natesilver: I guess what surprises me — and it also surprised me about Paul Ryan in the House — is: Couldn’t they just have told conservatives who thought the bill wasn’t conservative enough to go eff themselves?
harry: Apparently, they didn’t think they could do that. Then again, the Freedom Caucus got rid of former House Speaker John Boehner. They may think they can get their way on pretty much everything.
perry: I actually thought telling moderates to eff themselves was the better strategy. The Senate proved me wrong.
natesilver: Everyone thought McConnell was smart to be following Ryan’s playbook. But Ryan had a much bigger margin to work with in the House than McConnell had in the Senate.
clare.malone: I think it’s difficult to tell moderates to screw off on a thing that takes away a benefit to their constituents that’s been enshrined for decades.
anna: I agree, Clare — and the funding reductions over time for Medicaid are enormous. Medicaid is the second-largest expense for most, if not all, states (behind education).
natesilver: My hot take (which comes with a dash of hindsight bias) is that the fact it was so hard to get a bill passed in the House was a bad sign for the Senate bill, and maybe McConnell shouldn’t have been inclined to emulate Ryan’s process.
clare.malone: Rightward tilt of power in the party, Nate. It’s the ideologues who are more likely to hold the normal process hostage.
harry: Funnily enough, many of the pieces written about why the House made a mistake shifting the bill too far to the right are holding up for now. I wasn’t sure that was going to happen.
perry: I found the House passage of its health care bill on May 4 so stunning that I thought it showed legislative acumen and party unity that would carry over. I was wrong.
harry: You weren’t the only one who thought that, Perry.
natesilver: Let’s move on to Phase III of our chat: What’s next?
McConnell announced that he will have the Senate vote on a “repeal and delay” bill that would eliminate Obamacare without immediately replacing it with anything, but then delay implementation of the repeal for two years while they figure out what will take its place.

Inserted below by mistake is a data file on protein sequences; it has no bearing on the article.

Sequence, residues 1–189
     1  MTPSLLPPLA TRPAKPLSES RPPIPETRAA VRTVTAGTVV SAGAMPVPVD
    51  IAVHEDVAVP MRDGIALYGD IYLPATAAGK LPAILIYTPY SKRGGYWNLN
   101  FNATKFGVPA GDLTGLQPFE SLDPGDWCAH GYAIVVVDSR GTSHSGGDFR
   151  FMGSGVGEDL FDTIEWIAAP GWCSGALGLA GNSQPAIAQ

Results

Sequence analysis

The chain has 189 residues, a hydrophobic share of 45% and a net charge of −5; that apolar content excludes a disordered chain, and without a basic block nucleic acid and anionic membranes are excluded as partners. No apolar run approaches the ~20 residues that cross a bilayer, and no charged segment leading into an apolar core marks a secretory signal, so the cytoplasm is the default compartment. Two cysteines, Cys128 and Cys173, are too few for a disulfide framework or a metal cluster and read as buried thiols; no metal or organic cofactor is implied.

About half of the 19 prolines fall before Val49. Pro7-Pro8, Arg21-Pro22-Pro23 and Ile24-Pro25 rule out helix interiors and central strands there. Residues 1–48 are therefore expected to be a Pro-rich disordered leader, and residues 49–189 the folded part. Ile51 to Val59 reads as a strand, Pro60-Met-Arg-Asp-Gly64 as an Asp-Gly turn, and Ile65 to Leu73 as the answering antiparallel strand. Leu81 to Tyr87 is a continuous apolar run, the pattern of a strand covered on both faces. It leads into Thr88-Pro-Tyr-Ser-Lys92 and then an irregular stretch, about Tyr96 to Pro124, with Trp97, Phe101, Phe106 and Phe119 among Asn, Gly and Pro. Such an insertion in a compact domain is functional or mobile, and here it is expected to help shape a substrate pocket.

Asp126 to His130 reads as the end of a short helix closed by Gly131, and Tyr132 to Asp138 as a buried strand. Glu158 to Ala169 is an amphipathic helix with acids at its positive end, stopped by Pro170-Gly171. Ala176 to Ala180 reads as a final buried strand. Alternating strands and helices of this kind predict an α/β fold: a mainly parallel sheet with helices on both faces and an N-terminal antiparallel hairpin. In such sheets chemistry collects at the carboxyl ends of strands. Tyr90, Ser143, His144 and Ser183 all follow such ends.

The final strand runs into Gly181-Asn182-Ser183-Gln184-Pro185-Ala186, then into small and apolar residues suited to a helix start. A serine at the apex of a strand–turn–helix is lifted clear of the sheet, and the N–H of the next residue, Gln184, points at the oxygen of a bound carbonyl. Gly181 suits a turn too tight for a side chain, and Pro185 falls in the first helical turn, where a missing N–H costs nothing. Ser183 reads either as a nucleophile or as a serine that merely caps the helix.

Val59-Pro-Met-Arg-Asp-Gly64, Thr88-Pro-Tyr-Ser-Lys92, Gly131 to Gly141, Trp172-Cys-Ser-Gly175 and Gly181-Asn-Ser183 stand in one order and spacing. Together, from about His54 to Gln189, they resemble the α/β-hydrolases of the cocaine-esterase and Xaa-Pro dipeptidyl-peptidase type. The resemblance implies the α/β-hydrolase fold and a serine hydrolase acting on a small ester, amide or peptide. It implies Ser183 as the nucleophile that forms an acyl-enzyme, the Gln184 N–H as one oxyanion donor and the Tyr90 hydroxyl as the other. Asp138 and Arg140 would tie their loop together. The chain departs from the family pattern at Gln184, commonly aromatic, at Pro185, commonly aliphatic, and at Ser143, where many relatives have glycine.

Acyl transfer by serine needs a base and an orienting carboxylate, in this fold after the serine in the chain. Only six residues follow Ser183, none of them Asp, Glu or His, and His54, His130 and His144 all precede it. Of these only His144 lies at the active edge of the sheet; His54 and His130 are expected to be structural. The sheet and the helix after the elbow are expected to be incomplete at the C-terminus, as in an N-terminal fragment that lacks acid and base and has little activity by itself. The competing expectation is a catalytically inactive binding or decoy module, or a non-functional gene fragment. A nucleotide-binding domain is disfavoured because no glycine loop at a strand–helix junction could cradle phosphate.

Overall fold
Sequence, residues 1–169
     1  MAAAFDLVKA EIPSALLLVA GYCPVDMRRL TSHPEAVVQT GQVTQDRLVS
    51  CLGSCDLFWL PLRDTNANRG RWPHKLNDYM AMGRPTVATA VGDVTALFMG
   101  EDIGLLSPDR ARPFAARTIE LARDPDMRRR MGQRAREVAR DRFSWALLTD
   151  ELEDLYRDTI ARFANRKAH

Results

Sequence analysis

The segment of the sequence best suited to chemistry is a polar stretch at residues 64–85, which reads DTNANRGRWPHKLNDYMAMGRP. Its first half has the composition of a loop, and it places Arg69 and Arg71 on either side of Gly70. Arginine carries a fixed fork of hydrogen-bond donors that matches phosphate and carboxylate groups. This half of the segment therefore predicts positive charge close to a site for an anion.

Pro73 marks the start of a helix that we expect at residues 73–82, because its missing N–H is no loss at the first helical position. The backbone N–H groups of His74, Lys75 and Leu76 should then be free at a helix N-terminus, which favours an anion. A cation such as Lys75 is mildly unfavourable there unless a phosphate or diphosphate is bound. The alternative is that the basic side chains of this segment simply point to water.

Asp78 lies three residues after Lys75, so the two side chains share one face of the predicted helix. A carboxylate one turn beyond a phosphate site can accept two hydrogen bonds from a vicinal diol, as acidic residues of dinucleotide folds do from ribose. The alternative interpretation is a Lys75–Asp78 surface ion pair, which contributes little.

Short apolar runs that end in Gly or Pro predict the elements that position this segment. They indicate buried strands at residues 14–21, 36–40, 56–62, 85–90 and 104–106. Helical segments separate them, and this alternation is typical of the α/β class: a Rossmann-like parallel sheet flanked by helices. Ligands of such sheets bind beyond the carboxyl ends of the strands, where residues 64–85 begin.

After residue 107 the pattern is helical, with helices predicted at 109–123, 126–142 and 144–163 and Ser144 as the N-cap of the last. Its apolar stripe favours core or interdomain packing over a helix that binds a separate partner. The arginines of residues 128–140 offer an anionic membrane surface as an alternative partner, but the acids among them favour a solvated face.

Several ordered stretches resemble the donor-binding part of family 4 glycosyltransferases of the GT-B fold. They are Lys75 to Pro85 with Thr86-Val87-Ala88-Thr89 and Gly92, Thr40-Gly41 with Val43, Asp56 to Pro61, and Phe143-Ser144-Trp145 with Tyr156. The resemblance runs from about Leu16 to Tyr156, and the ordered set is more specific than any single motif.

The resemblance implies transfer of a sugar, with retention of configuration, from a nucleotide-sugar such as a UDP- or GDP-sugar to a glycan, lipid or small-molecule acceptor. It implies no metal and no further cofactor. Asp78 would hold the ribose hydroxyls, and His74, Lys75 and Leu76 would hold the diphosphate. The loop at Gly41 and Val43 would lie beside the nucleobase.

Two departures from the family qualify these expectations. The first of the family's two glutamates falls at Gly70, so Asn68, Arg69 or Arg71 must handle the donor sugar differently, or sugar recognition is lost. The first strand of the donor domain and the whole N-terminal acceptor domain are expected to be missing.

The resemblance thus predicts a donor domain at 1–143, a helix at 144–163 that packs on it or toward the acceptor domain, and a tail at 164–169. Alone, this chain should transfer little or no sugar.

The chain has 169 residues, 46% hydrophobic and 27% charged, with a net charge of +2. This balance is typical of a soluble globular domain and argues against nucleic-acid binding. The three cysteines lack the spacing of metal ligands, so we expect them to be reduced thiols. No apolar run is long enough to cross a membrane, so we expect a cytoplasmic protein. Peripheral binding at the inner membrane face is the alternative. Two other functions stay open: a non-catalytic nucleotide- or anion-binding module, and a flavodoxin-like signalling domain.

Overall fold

clare.malone: Well, I just got a news alert saying three senators — Collins, Capito and Murkowski — have come out against the repeal-and-delay strategy. So it looks like that plan is dead already. Which maybe isn’t too surprising given that a lot of people were saying that it was irresponsible to repeal without a replacement option.
anna: Yeah, not too surprising.
First, only a quarter of people think Congress should repeal what it can now and try to write a replacement bill later.
Second, it’s worth noting that a “clean repeal” is still only a partial repeal of the full ACA. It keeps the requirement that insurers cover people with pre-existing conditions, but it gets rid of the individual mandate, the subsidies to buy insurance, the requirement that employers offer coverage and the Medicaid expansion. The CBO estimated that it would leave up to 32 million more people uninsured by 2026 and that premiums would go up by 100 percent.
natesilver: And that includes something like 18 or 19 million more uninsured in the first year alone, if I’m reading that right.
So did McConnell ever actually want a repeal-and-delay bill to pass, or was he just trying to save face?
clare.malone: Feels like salty saving face? But maybe I’m being naive.
perry: I think the repeal-and-delay vote, if it had come to a vote, was always mostly about forcing the moderates to come out against it. That way, McConnell can push blame onto them.
natesilver: How wobbly is McConnell here? If the next six months go badly for him — let’s say they botch tax reform too — could his leadership be under threat?
natesilver: So Cornyn isn’t a very threatening understudy, you’re saying.
perry: Right. Whatever you think of Ryan, people thought for a while that he would be a future speaker.
clare.malone: But would it necessarily go in that order of succession? Couldn’t you put up a different candidate from the ranks of senators, someone seen as savvier?
perry: I’m not sure who that person is right now in the GOP Senate. Also, McConnell can just privately blame Trump for all that is wrong. Republican senators are leery of Trump. This could work.
clare.malone: Isn’t that a risk, though? To throw the president under the bus? He’s unpopular, but not with a core group of Republicans.